How many bids can one estimator submit in just two days? If that estimator uses HCSS HeavyBid, the answer is probably more than you think.
Just ask Ed Bell Construction of Dallas. Vice President Doug Teter put the pedal to the metal a few years back, submitting 23 Texas Department of Transportation jobs in just 48 hours using only two laptops.
“We have a rather extensive codebook and library estimate set up that allows us to assemble a pretty fair amount of estimates in a fairly quick manner,” said Teter. “It’s a lot of copy and paste, a lot of creating an activity once and copying it. Then we make tweaks to productions for each project.”
Ed Bell Construction, which does primarily highway work, won three of the 23 jobs bid that weekend and came in second on a few more.
“A couple of those jobs were very profitable jobs for us,” said Teter. “They were ones that we believe a lot of other folks just couldn’t get to. There were so many jobs to look at that they just picked a few to go after. But we got a competent number turned in on everything, and we got some very nice work because HeavyBid lets us cover a lot of ground quickly.”
TxDOT does a monthly letting to release all new jobs, and Teter said two-day lettings are typical. Ed Bell, which has had HeavyBid for 20 years, was able to submit proposals on so many of them because of the way it has set up the estimating system over the years.
“I have pre-populated the quote system with 99% of what I think I want in there, for what folders we have,” said Teter. “Every folder is already populated with vendors I know we’re getting a number from. Most of the overhead items that we carry in every estimate are pre-populated in the master estimate so that it’s all brought in and just has to be tweaked for each project.”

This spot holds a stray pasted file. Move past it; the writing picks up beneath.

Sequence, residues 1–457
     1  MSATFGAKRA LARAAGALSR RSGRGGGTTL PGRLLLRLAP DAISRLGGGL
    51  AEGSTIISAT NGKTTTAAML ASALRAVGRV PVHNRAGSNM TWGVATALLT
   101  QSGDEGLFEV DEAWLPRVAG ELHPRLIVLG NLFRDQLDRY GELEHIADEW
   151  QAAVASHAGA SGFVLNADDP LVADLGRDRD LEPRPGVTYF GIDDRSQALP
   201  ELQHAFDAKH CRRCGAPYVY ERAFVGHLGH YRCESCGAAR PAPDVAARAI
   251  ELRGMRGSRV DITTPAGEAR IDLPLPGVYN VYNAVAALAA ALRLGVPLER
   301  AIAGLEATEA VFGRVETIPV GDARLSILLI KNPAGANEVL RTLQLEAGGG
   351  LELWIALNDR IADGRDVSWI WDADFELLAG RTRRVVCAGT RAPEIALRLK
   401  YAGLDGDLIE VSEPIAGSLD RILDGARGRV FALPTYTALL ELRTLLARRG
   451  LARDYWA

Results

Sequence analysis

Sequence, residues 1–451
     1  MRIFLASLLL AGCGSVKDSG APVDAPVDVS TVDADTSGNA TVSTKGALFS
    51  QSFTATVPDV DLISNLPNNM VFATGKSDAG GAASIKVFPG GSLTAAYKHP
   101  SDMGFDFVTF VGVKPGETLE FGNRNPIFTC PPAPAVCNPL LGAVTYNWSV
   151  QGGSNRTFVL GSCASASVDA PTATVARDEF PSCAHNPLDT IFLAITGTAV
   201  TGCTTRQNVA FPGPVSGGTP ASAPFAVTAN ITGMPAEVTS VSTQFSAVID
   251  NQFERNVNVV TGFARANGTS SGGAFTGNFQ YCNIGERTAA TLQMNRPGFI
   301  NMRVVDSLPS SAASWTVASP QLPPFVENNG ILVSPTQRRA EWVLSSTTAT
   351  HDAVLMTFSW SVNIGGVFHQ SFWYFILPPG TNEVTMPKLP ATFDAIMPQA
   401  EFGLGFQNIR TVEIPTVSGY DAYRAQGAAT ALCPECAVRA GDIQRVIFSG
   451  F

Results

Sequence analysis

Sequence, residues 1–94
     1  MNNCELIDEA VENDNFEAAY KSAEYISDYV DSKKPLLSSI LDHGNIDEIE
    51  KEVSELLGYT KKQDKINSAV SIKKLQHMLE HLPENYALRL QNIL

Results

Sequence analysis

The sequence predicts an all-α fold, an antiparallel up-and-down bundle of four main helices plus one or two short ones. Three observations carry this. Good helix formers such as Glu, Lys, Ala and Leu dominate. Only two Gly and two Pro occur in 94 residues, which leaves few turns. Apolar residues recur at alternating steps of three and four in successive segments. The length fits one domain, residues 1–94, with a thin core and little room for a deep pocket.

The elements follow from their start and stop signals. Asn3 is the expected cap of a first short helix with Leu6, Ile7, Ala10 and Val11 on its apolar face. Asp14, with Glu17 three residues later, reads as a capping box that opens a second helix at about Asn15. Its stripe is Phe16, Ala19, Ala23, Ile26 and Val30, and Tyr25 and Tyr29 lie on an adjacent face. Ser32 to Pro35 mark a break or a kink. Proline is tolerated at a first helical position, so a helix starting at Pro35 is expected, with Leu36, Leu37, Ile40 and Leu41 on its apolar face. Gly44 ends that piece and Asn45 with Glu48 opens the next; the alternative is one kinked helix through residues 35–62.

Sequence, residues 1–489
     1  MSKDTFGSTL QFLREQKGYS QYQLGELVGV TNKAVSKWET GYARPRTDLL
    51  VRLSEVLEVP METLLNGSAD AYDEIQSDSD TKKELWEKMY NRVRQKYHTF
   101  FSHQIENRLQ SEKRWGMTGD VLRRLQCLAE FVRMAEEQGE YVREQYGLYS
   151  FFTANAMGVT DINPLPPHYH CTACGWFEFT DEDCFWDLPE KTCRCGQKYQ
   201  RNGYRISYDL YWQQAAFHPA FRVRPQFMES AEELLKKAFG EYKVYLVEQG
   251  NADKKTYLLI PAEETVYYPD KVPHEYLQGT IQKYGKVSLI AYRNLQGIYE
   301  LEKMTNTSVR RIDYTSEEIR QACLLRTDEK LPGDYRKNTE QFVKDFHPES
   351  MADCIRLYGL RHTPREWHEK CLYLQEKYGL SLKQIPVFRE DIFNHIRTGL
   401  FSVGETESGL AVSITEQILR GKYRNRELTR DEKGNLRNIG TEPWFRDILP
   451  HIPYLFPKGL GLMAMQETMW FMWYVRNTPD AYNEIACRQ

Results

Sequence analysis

TxDOT’s Contractors Desktop Application (CDA) allows companies to export all bid items for a project as well as electronically submit proposals, and HeavyBid allows Ed Bell to import those bid items into the estimate and export the bid to the CDA.
Teter said the process of bidding 23 jobs wasn’t even all that difficult. The staff consisted of one estimator and four project managers to organize the incoming quotes and telephone calls. They hunkered down in a hotel room in Plano, Texas, on a Saturday afternoon to begin organizing for the letting, started bid review on Sunday morning and began receiving subcontractor numbers Sunday afternoon. Support staff made several runs during the weekend as well.
“That used to be the only way you did it, getting estimates done,” said Teter of holing up in the hotel. “It provides some extensive focus time and keeps disruptions to a minimum.”